Messmer gave me this anecdote: California was recently named the cleanest energy producing state in the country in part because of its extensive renewable energy projects, but that is a misleading title. There is a difference between energy production and energy consumption, and the other reason why California is the cleanest energy producer in the U.S. is because much of the energy Californians consume is provided by fossil fuels from neighboring states like Utah and Nevada. In fact, Utah exports more energy to California than is consumed in-state. So shouldn’t Californians take some responsibility for Utah’s energy developments? “They have to share in the conservation, not just the energy companies, but all who benefit from the energy need to be a part of it,” says Messmer.

In our conversation, Messmer extended his There are No Civilians concept to hunting and outdoor recreation. American hunters have contributed billions of dollars to conservation since the passage in 1937 of the Federal Aid in Wildlife Restoration Act, better known as the Pittman-Robertson Act. The Act extended an eleven percent tax on firearms, ammunition and archery equipment used for hunting, and earmarked the proceeds to be distributed to the States for wildlife restoration.

But what about other outdoor recreationists, such as hikers, mountain bikers and fisherman? Or winter sports enthusiasts like skiers and snowmobilers?

The Pittman-Robertson Act is almost universally supported by hunting groups across the country; maybe the only tax people have ever been glad pay. Messmer thinks it’s about time for a similar tax on other equipment for outdoor recreation.

Lastly, I asked Messmer what he thought of the court mandated endangered species listing deadline of the fall of 2015 for the greater sage-grouse. He disagreed with the decision, saying: “Part of the problem with rigid deadlines is that populations follow cycles…production in the population is tied to environmental conditions.”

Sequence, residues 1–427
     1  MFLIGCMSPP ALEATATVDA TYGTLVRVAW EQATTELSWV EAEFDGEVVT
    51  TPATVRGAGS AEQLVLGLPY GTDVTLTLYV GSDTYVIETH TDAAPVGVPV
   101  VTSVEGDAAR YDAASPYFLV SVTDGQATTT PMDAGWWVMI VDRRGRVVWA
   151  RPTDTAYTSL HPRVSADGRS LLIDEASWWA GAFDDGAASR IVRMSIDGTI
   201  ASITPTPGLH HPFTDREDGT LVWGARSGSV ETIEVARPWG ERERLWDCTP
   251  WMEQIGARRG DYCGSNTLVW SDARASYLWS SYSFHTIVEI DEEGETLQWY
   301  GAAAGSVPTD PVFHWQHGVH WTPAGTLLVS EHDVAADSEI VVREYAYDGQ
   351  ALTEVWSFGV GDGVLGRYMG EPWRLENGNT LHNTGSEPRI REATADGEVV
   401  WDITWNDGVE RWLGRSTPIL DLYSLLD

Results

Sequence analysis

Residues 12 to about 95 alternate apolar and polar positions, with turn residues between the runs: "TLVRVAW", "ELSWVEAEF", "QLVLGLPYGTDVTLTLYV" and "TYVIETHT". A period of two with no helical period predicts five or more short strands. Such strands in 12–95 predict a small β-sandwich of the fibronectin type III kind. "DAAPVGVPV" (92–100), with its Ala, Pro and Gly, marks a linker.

Despite their ambitious work in Utah to conserve 80,000 acres per year, it’s a desert sagebrush region where 2-3 of every 5 years can be good and the other 2-3 can be plagued by drought, and sage-grouse fluctuate with the environmental conditions. Fortunately, sage-grouse are a relatively long-lived species, with a lifespan of up to 6 years, and hopefully 3-4 of those are brood years. But if this year and 2015 prove to be dry, down years, an endangered species listing could be influenced by a short-term decline in a population that may be moving towards long-term stability or growth.

Something similar happened this year with the lesser prairie-chicken (LPC), another western grouse species, which was listed as a threatened species in March after a court mandated deadline. The listing was preceded by several years of drought, which resulted in a steep drop in LPC populations.


Stay tuned, as over the next few weeks I will be speaking with some of the private landowners working with Messmer to sustainably manage sage-grouse populations in Utah.


re: Talking Sage-Grouse with Terry Messmer
By: Terry Messmer on: 07/11/2014

Yesterday, a group of 30 partners - landowners, conservation district folks, state and federal agency biologists, meet at the Dry Basin (DB) lek in west Box Elder county to discuss how best to protect the lek and surrounding nesting habitat from wild fires. The DB lek has the historic record for the number of males counted - exceeding 300. The numbers of males counted on this lek and others in the area have fluctuated in response to environmental conditions, but is now trending up ward. the partner reviewed the science about green stripping with forage kochia as a fire break. Although effective at halting wild fires spread, the partner were concerned about placing green strips through the lek. Recent research completed by Stephanie Graham, USU, indicated that sage-grouse eat forage kochia, based on availability, but it does not provide cover. Plus creating a new path or road through nesting habitat could increase predation rates. other were concerned about additional soil disturbance opening new avenues for cheatgrass. the group consensus was to "stay in the tree." Meaning remove the encroaching conifer and combining a fire break into this effort. The project would include monitoring to ensure any cheat grass invasion would be decisively addressed. This process demonstrates the strength and resolve of community-based conservation. The project will not only protect important sage-grouse habitat, but create more space to grow sage-grouse.